Michelle: The Regency London series is a connected series of three books, each a complete story within itself, but with overlapping characters. The books are set chronologically at an extremely interesting time in British history, during the Napoleonic Wars. The first book, The Emperor's Conspiracy, focuses on the real, and almost unbelievable, plot by Napoleon to smuggle as many of England's gold guineas out of the country as possible, and cause the British economy to collapse.
The second book, Banquet of Lies, focuses on the secret deals and spying going on between countries involved in the Napoleonic Wars, particularly the secret deal the British did with the Russians (who were in an alliance with Napoleon, but then switched sides), and the final book, A Dangerous Madness, centers around the biggest news story of the Regency period, the assassination of the English Prime Minister, Spencer Perceval. It was the JFK assassination of its day, and with just as many conspiracy theories. Each book is a romantic thriller / mystery, and I give author notes at the end to discuss what I made up and what's real.
Anne: How have you found the difference between self-publishing and being traditionally published?
Michelle: Never say never, but I'd think long and hard before going back to being traditionally published. I know it's not for everyone, but I've worked as both an editor and a publisher for an academic publishing house, so I've always known what goes into getting a book to market, and I love the control over all aspects of the process. I also love that I make a good living as a self-published author, while still being able to offer my books to readers at a lower price than my traditionally published books are priced.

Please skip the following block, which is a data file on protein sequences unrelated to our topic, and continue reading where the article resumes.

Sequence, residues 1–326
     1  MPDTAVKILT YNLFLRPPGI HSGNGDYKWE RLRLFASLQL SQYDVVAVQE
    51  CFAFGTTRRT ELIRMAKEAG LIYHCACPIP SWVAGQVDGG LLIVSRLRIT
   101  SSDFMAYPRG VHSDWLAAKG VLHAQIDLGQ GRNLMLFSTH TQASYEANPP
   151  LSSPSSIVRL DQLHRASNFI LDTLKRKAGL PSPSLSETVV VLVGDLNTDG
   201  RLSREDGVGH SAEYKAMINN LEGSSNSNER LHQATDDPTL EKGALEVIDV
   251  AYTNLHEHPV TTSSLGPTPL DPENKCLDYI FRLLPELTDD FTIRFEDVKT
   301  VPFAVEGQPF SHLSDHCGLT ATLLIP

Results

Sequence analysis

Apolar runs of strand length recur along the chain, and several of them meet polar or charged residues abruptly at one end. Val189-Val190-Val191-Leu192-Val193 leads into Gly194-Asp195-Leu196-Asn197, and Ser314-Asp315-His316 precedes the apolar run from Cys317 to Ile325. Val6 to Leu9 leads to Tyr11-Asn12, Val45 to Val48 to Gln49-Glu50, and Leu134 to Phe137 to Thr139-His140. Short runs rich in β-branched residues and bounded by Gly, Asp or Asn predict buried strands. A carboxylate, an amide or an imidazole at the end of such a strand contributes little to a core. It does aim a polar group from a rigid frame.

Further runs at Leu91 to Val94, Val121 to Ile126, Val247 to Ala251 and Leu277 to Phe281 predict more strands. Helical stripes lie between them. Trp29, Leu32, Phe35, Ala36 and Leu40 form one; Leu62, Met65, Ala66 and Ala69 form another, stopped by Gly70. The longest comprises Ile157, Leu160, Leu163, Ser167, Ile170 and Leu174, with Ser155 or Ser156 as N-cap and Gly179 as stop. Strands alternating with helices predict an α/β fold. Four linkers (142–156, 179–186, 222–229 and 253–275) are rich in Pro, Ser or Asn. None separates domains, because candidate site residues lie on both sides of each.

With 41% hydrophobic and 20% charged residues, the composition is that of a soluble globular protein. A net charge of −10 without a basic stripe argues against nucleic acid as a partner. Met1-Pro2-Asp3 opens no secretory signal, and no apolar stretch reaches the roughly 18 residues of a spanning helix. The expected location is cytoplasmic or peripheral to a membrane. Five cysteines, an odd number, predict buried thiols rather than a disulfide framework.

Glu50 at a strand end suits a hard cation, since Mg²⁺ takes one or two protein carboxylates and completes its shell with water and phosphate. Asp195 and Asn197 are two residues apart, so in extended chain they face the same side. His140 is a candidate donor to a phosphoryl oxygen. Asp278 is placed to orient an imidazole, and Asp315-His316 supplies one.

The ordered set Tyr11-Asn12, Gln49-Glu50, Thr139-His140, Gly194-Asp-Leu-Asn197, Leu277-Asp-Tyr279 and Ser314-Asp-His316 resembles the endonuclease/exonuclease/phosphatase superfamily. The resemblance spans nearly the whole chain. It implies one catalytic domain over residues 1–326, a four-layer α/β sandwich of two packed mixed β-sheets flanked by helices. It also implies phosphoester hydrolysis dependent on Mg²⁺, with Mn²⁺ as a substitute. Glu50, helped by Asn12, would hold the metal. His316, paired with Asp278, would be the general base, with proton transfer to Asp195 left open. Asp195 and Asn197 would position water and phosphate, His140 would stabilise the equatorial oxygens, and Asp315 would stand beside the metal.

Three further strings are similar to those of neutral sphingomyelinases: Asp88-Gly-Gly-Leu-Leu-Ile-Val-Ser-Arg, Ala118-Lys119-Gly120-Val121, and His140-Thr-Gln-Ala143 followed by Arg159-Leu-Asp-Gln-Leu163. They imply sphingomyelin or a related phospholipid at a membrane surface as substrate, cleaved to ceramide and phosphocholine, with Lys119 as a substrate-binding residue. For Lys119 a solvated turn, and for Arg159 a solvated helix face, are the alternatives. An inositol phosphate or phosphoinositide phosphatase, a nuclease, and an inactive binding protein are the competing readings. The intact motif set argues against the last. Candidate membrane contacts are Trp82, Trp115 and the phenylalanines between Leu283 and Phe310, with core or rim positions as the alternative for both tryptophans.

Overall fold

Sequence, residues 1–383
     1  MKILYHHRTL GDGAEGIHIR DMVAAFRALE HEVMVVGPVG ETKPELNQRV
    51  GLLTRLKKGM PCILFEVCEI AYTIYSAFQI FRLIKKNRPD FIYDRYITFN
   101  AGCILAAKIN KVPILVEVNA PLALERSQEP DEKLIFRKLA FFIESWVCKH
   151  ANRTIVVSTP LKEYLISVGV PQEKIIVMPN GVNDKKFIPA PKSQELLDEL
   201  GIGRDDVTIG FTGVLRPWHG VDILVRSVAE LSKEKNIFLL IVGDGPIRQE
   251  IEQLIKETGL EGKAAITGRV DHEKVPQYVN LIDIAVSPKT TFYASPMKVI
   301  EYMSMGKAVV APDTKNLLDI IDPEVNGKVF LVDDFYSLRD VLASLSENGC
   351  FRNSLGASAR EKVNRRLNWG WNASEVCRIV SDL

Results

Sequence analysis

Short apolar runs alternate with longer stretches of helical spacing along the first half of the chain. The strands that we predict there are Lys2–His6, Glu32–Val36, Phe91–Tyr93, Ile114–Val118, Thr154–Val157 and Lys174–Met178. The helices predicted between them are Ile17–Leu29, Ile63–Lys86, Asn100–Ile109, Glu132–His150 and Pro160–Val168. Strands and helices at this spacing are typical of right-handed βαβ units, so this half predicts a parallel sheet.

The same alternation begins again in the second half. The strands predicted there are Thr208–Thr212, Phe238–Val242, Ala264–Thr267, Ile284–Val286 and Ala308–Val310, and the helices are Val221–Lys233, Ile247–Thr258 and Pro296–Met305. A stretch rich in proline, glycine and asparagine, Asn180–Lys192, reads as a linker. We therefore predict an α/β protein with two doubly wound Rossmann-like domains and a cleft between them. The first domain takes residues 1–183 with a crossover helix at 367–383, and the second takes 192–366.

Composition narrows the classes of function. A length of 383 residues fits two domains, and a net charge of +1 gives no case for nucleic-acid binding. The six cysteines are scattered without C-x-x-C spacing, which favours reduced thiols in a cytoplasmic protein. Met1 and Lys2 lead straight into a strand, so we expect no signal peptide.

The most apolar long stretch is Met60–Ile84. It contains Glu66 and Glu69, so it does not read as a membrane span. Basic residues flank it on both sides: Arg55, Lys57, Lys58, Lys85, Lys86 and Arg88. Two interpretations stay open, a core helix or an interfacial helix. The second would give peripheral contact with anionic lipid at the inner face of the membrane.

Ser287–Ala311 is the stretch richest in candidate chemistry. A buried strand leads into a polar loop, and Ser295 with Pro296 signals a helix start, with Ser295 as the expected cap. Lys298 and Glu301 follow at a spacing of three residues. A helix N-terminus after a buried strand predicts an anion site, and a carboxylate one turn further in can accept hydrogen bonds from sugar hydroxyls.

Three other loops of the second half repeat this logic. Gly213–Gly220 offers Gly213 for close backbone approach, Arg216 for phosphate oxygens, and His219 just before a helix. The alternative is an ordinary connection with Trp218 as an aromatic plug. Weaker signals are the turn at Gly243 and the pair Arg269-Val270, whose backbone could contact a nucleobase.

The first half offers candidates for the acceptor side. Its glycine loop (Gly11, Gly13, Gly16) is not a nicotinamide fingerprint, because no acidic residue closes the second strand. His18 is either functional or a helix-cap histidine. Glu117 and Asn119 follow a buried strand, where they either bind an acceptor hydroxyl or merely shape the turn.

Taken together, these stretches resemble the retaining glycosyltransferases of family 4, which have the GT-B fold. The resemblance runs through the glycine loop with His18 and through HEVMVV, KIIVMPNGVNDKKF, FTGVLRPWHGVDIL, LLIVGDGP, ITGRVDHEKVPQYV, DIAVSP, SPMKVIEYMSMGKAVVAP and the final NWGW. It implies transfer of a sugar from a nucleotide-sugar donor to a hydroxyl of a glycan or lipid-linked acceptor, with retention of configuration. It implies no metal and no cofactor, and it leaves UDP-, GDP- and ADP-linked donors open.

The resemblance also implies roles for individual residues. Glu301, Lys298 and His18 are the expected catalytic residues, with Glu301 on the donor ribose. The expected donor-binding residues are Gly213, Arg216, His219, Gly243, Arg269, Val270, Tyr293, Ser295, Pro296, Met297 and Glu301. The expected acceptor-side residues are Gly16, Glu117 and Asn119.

Anne: Could you share a snippet of your writing please?
Michelle: Here's the start of A Dangerous Madness.
Sunday, 10 May, 1812
Phoebe stood next to the portrait of Sir Harold Fitzpatrick as instructed, the note the footman had given her crumpled in her fist.
She hadn't seen Sheldrake all evening, had had to endure hours on her own of being either snubbed or fawned over, but he must have seen her―the note was evidence of that. Just one more odd instance in a string of them.
A waving motion caught her eye and she turned slightly to see a hand reach out from behind aquamarine velvet curtains. A man's hand.
He grabbed her sleeve and pulled her into an enclosed nook that by day was a perfectly innocent bay window. Phoebe blinked, trying to adjust to the sudden dark after the well-lit gallery.
“Sheldrake?” She peered at the man taking up most of the small space.
“Good grief, keep it down, would you?” Phoebe’s betrothed's forceful whisper was as loud as her soft-spoken question, but she bit her tongue.
She wondered what her tongue would look like after they’d spent a lifetime together. Maybe one day she’d bite it in half.
Anne: You can read more about Michelle and her books on her website, and here's her Goodreads page. And there's a blog here where Michelle talks about science fiction romance. Michelle, anything else you'd like to mention?
Michelle: If you love fairy tale retellings and fantasy romances, I'm happy to say that the ebook version of my retelling of the fairy tale East of the Wind, West of the Moon, entitled Mistress of the Wind, is free on Amazon today (May 29th) and tomorrow (May 30th) before it goes back to its normal price. You can download it here.
Anne: Thanks so much for joining us on Word Wenches, Michelle. It's been lovely.
Michelle: Thank you so much for having me, Anne. It's an honor to be invited 🙂
Anne: Michelle will be giving away a book to someone who leaves a comment, or who answers this question: "If you could go back (or forward) in time, where and when would you go to? And why?"